Reinforcing Photoelectric Ideas

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Students will consider the connections between linear equations and the physics of the photoelectric effect.

Big Idea

Mathematical models can be used to describe complex phenomenon. For example, the slope and intercept of a straight line have very specific physical meanings when describing the photoelectric effect.


Today at our school, we have invited a motivational speaker to come and address the entire student body. The schedule calls for this to happen in two parts, each of which conflicts with my Physics sections. I am wholly supportive of this endeavor as the topic - inclusiveness and a recognition of how one's own background may alter perceptions unknowingly - is vital to creating a healthier school community. It does, however, present a special challenge for me from a planning perspective: my sections are roughly 50% juniors and 50% seniors and the assembly schedule has the juniors out in one section with the seniors out of class in the other.

As a result, my goals for the day are to provide some amount of reinforcement and some amount of self-directed time. The warmup has my students connecting the traits of linear equations with the physical attributes of the photoelectric effect, allowing them to consider the NGSS Performance Expectation HS-PS4-3. The self-directed time allows each student to choose their preferred mode of working, though most will use the time to address o set of computational problems related to electromagnetics and radioactivity. 



15 minutes

To reinforce our learning from the previous lesson, I provide my students with a warmup problem that is, in fact, the data they generated the other day. My goal is to get them to explore the mathematics of the resulting best fit lines and to match the mathematics to the physical nature of the phenomenon.

I give my students about ten minutes to work on these problems that are simultaneously in their hands and projected on the Smartboard. Students may consult with one another or with me. Mostly, students need help recognizing that their background algebra knowledge (the form y = mx + b) will be most helpful in this process.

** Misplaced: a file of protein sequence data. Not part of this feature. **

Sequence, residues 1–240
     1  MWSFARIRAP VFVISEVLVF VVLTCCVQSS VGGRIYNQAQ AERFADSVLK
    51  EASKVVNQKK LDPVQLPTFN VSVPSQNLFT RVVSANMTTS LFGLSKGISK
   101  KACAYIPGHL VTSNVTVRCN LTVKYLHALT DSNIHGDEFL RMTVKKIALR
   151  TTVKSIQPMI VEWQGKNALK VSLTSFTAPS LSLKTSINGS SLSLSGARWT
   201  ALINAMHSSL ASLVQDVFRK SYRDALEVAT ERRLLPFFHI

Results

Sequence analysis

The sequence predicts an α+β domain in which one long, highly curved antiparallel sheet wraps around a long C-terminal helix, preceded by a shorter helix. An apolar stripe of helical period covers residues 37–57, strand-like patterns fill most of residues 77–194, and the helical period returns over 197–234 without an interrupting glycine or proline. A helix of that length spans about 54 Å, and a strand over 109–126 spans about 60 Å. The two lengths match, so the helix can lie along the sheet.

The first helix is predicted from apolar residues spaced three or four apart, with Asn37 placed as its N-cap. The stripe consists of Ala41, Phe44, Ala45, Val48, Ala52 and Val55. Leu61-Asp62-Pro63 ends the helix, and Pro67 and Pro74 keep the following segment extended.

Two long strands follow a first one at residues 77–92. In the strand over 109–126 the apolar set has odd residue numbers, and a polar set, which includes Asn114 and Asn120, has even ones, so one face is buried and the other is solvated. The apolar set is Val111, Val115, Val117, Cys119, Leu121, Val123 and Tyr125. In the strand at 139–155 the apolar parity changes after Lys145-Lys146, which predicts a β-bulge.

As we near the end of the ten minutes, I locate a student or two who might be willing to show their results on the board. This helps to keep those students active and to promote a sense of a shared classroom where insight comes from a variety of places, not just the teacher.


To bring closure to this section, we discuss the remaining questions in the warmup. I share with students that while, mathematically, the equation of the line implies that "y" can be negative, physically, a negative "KE" for the electrons does not make sense. We consider the lower right-hand corner of the student solution slide: the y-axis is the kinetic energy (KE) of the liberated electrons while the x-axis represents the frequency of the incident light. The slope is Planck's constant, in the appropriate units, while the y-intercept is the stopping voltage. With these observations, we can completely interpret the equation in terms of physical quantities.

Beta Plus Decay

10 minutes

In this section, I want to revisit the idea of beta decay. In a previous lesson, students had worked with the idea of "beta-minus" decay, though we referred to it only as "beta decay." Today, I want to share the idea that an alternative type of beta decay is possible - beta-plus decay.

I start by showing just the left-hand side of this image. I ask students to predict the result if this Nitrogen nucleus were to undergo beta decay. They, correctly, predict that the resulting nucleus should be an Oxygen isotope with eight protons and five neutrons. I reveal the rest of the image and proceed to describe the movement down the Periodic Table (to Carbon) and the formation of an "anti-electron." As this is the first serious mention of anti-matter, there are generally many questions about its nature and its implications. Though the nature of anti-matter is not a learning target in the NGSS, student interest is high and I don't mind, particularly on a day where half of my class is attending an assembly, indulging questions for as long as they persist. We continue the conversation for as long as there is student interest.

Self-Directed Time

35 minutes

As students have several assignments due this week and next and many are missing today's lesson due to an assembly, I grant some time for students to self-direct. Some decide to finish up their Radiation Journals, some are finishing the electromagnetics problem set that is due today, and others are working towards next week's Four Big Ideas assignment. I spend most of my time working with students who are struggling with the mathematics of today's assignment. We continue in this mode until the end of class.